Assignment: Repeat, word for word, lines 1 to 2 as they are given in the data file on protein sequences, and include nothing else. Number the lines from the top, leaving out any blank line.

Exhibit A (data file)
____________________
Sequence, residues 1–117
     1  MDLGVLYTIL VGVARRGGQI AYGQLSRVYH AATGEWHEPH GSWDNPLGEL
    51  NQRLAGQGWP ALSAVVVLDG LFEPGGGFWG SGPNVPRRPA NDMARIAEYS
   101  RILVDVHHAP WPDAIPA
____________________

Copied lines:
Sequence, residues 1–117
     1  MDLGVLYTIL VGVARRGGQI AYGQLSRVYH AATGEWHEPH GSWDNPLGEL